granting the demurrer to evidence will place the accused in double jeopardy. Consequently, the Court
disagrees with the CAs ruling reversing the trial courts order dismissing the criminal cases against
petitioners.

Under Section 23,29 Rule 119 of the Rules of Court on Demurrer to Evidence, after the prosecution
terminates the presentation of evidence and rests its case, the trial court may dismiss the case on the
ground of insufficiency of evidence upon the filing of a Demurrer to Evidence by the accused with or
without leave of court. If the accused files a Demurrer to Evidence with prior leave of court and the same
is denied, he may adduce evidence in his defense. However, if the Demurrer to Evidence is filed by the
accused without prior leave of court and the same is denied, he waives his right to present evidence and
submits the case for judgment on the basis of the evidence for the prosecution.

Corollarily, after the prosecution rests its case, and the accused files a Demurrer to Evidence, the trial
court is required to evaluate whether the evidence presented by the prosecution is sufficient enough to
warrant the conviction of the accused,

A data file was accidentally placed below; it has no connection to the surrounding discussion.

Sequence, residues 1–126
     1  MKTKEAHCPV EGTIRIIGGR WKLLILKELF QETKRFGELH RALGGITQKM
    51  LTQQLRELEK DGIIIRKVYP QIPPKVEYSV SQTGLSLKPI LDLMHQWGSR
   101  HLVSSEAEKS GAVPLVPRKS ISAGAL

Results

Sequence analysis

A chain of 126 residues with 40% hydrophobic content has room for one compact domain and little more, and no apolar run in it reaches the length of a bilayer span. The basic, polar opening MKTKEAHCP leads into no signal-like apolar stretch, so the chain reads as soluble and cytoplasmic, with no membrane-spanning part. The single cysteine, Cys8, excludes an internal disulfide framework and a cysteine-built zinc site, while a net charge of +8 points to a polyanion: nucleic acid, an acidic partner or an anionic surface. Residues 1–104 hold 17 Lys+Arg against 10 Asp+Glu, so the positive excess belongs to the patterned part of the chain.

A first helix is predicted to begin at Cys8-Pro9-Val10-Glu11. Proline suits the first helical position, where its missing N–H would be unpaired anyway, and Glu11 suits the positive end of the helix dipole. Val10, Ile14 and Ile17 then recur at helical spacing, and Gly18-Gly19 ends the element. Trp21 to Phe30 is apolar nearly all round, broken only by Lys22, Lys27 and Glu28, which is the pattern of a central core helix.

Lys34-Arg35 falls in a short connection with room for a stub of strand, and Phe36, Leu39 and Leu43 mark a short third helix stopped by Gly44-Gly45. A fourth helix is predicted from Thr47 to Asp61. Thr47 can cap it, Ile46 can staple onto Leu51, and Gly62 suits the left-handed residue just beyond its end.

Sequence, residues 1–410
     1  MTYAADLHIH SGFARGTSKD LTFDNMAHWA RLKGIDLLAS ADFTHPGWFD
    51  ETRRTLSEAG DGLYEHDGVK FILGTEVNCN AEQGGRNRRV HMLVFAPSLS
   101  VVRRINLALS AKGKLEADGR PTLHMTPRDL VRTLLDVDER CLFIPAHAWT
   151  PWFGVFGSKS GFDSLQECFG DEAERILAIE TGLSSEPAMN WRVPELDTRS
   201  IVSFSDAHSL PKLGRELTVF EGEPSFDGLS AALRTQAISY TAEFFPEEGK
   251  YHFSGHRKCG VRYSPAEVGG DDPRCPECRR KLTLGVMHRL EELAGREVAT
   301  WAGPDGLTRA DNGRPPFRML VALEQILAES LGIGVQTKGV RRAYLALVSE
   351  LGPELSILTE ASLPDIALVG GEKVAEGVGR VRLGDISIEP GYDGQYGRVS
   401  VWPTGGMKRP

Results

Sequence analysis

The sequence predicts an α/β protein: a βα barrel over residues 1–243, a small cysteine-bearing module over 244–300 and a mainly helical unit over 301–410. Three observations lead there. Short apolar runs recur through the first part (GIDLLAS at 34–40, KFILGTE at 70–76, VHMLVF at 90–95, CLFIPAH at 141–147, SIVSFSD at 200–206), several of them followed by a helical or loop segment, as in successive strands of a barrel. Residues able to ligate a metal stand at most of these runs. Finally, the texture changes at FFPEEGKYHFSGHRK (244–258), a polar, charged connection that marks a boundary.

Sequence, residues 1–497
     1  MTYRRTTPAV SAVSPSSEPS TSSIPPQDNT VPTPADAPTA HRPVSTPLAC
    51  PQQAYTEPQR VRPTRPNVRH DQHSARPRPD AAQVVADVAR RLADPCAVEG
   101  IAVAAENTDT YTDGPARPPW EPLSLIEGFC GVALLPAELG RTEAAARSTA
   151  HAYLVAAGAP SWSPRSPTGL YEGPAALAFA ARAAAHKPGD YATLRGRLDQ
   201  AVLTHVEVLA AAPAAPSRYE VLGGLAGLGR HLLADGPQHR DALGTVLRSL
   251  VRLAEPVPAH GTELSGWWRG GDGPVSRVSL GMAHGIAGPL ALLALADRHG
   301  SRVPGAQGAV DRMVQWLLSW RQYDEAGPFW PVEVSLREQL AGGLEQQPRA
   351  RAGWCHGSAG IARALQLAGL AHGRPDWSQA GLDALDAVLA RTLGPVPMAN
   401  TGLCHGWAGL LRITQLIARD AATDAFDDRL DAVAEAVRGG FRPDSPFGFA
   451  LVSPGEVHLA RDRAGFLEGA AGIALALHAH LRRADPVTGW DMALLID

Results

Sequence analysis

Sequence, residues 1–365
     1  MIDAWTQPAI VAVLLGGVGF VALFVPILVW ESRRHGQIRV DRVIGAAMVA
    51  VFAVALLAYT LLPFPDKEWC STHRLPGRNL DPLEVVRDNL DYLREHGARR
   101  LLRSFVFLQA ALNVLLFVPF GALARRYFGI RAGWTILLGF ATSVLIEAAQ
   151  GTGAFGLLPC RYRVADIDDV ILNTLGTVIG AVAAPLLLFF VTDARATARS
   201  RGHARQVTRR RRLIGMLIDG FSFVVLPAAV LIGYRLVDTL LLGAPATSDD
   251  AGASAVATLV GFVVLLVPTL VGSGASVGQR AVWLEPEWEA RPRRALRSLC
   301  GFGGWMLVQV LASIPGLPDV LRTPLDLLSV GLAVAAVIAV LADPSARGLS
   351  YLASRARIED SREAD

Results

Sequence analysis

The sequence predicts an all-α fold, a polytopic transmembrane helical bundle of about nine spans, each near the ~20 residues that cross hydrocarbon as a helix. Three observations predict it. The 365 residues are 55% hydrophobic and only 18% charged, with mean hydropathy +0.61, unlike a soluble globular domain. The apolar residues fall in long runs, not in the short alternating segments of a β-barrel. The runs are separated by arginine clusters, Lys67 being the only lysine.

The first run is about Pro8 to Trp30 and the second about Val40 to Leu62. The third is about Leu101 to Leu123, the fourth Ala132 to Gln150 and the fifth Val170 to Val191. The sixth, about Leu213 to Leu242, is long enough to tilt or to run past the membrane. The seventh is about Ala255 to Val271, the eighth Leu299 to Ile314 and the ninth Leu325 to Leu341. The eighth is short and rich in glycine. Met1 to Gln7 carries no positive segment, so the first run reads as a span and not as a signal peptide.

If the court denies the demurrer to evidence filed with leave of court, the accused may adduce evidence in
his defense. When the demurrer to evidence is filed without leave of court, the accused waives the right to
present evidence and submits the case for judgment on the basis of the evidence for the prosecution.

The motion for leave of court to file demurrer to evidence shall specifically state its grounds and shall be
filed within a non-extendible period of five (5) days after the prosecution rests its case. The prosecution
may oppose the motion within a non-extendible period of five (5) days from its receipt.

If leave of court is granted, the accused shall file the demurrer to evidence within a non-extendible period
of ten (10) days from notice. The prosecution may oppose the demurrer to evidence within a similar
period from its receipt.

The order denying the motion for leave of court to file demurrer to evidence or the demurrer itself shall
not be reviewable by appeal or by certiorari before judgment.

WHEREFORE, the petition is GRANTED.